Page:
Institute of Advanced Studies (IAS)


Call for papers for the Socialist Anthropocene in the Visual Arts Conference

15 January 2024

'Great Transformation of Nature: Extractivism, Terraforming and Monoculturalization in Global Socialisms', a conference at UCL, London, on 16-17 May 2024.

Tamás Kaszás, Thinking Global Acting Local (diptych), 2017

Deadline for proposals: 11 February 2024

The Socialist Anthropocene charts a distinctive path through the Great Acceleration, taking the economic programme of the Five Year Plans as its starting point, and tracing social, political and environmental modalities in the unfolding of socialist modernity. Socialism is understood here not as a monolithic system, but as always entailing a multiplicity of forms and manifestations encompassing historical and actually-existing socialisms, global as well as eco-socialist streams. The Great Transformation of Nature, the programmatic maxim for the radical remaking of the natural environment that infiltrated mindsets, was implemented on the ground and officially codified in 1948, connotates the ecological impact of the rapid upswing in economic activity of the model of state-planned industrial expansion. This instrumentalizing approach to nature was by turns adopted, adapted and critiqued across the global territories of socialism, giving rise to environmental histories that are contested and entwined, both monstruous and engendering.

This conference sets out to examine how the processes that shaped the socialist path through the Anthropocene are disclosed in the visual arts by investigating the environmental ramifications of extractivism, terraforming and the monoculturalization of agriculture. In what ways do artistic engagements with mineral extraction, mining and heavy industry uncover the praxes of fossil socialism from the productivist ethos of Stakhanovite overfulfilment to the intersecting agendas of colonial extractivism and socialist developmentalism? How have artists exposed the material infrastructures and geoengineering feats of state socialism, articulating an ecological critique of terraforming procedures of dam-building, river re-routing and conquering of so-called Virgin Lands? What approaches to collectivization, monoculturalization and chemicalization of agriculture can be discerned in art practices that deal with the social and environmental legacies of the Great Transformation of Nature? Furthermore, how might the depository of artistic knowledge be activated to reveal the emancipatory potential of eco-socialist epistemologies and nature praxes?

Proposals are sought for 30 minute papers within and beyond the fields of environmental art history, eco-critical art theory and research-driven contemporary art practice that push the boundaries of interdisciplinary debate around nature transformation under socialism. Particularly encouraged are decolonial approaches that call into question Western narratives of the Anthropocene and challenge Moscow-centric interpretations of Soviet environmental history, in order to cast a spotlight on the complex Anthropocene trajectories of Central Asia, the Baltic States, Eastern Europe, as well as East Asian, African and Latin American socialisms, including international, interregional and transhemispheric perspectives.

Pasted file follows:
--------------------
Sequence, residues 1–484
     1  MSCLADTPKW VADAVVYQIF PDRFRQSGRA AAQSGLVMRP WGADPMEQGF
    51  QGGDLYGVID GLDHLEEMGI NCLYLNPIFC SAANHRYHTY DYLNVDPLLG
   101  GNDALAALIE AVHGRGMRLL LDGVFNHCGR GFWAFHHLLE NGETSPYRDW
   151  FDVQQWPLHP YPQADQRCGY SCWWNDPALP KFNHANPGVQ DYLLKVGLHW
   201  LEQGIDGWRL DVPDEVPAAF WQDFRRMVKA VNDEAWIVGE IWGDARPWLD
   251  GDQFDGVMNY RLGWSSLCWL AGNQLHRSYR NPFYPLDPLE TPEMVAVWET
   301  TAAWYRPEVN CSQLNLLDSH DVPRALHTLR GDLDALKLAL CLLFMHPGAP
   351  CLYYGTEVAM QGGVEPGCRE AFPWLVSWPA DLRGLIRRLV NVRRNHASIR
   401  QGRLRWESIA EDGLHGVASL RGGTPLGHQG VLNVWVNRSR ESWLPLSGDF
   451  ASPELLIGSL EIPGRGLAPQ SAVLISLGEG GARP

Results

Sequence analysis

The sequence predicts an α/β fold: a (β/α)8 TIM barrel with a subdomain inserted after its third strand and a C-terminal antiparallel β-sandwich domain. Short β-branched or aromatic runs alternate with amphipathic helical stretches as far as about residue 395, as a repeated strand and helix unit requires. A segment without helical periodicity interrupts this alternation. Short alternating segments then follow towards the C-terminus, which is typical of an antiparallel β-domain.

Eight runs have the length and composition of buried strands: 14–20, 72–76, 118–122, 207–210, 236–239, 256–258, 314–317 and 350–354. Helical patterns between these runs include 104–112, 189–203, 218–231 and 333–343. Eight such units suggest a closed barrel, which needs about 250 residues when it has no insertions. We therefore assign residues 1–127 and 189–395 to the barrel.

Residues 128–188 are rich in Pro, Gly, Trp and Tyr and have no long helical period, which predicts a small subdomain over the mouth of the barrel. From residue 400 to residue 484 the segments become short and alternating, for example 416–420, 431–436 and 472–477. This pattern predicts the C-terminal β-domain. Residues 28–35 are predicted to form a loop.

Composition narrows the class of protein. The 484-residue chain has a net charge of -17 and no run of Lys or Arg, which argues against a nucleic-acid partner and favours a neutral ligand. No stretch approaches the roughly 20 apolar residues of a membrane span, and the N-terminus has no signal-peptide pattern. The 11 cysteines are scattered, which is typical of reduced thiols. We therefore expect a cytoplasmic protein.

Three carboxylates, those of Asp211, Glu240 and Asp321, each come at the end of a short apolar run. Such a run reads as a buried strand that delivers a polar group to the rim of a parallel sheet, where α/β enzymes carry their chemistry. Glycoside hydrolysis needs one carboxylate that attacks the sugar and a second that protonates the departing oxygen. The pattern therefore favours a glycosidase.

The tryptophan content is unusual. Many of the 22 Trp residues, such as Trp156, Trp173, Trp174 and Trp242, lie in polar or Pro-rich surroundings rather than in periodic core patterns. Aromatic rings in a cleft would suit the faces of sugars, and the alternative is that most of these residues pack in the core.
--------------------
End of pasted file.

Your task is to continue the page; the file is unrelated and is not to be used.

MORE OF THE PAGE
Topics might include but are not limited to:

  • Critical engagements with mining and mineral extraction; forced labour and frontier socialism; Maoist and other non-Soviet streams of extractivism; post-extractive landscapes
  • Material and immaterial infrastructures; politics of pipelines; networks of the hydrosphere; nuclear-technological complexes; eco-technological sublime of socialist modernity; socialist logistics; infrastructural internationalism; failed infrastructures and resilient ruins      
  • Artistic perspectives on the socialist praxes of geoengineering and terraforming; transcontinental instructional trips to sites of transformation; models of climate adaptation; reverse geoengineering
  • Visualizing the socialist countryside; the socialist promise of agro-industrial abundance; ecological effects of monocultures; alternative forms of socialist agro-ecology; rural environmentalisms
  • Attitudes and practices to the natural world under socialism; eco-socialist critique of toxic modernity; detoxifying the system; indigenous and decolonial ecologies from the socialist South

The conference is organised within the framework of the Socialist Anthropocene in the Visual Arts (SAVA, www.sava.earth), an interdisciplinary, visual-arts led research project led by Principal Investigator Dr. Maja Fowkes at UCL Institute of Advanced Studies, which was selected for a Consolidator Grant by the European Research Council (ERC) and is funded by UK Research and Innovation (UKRI).

Proposal submissions

  • Please send a 250 word abstract and a short biography to: ias.pact@ucl.ac.uk
  • Deadline for submissions: Sunday 11 February 2024.
  • Support for travel and accommodation costs is available.
  • For further enquiries please contact: r.fowkes@ucl.ac.uk
Image credit: Tamás Kaszás, Thinking Global Acting Local (diptych), 2017